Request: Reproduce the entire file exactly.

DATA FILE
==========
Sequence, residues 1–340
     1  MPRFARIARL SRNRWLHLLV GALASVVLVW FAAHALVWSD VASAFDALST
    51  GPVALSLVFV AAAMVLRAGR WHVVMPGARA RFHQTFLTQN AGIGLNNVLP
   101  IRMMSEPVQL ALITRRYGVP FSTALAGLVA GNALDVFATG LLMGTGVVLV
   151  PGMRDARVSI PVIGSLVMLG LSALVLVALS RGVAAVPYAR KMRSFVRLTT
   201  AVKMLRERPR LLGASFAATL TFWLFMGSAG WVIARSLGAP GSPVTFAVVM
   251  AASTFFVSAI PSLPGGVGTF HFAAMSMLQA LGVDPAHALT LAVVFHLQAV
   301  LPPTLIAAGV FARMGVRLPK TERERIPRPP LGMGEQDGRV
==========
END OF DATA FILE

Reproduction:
Sequence, residues 1–340
     1  MPRFARIARL SRNRWLHLLV GALASVVLVW FAAHALVWSD VASAFDALST
    51  GPVALSLVFV AAAMVLRAGR WHVVMPGARA RFHQTFLTQN AGIGLNNVLP
   101  IRMMSEPVQL ALITRRYGVP FSTALAGLVA GNALDVFATG LLMGTGVVLV
   151  PGMRDARVSI PVIGSLVMLG LSALVLVALS RGVAAVPYAR KMRSFVRLTT
   201  AVKMLRERPR LLGASFAATL TFWLFMGSAG WVIARSLGAP GSPVTFAVVM
   251  AASTFFVSAI PSLPGGVGTF HFAAMSMLQA LGVDPAHALT LAVVFHLQAV
   301  LPPTLIAAGV FARMGVRLPK TERERIPRPP LGMGEQDGRV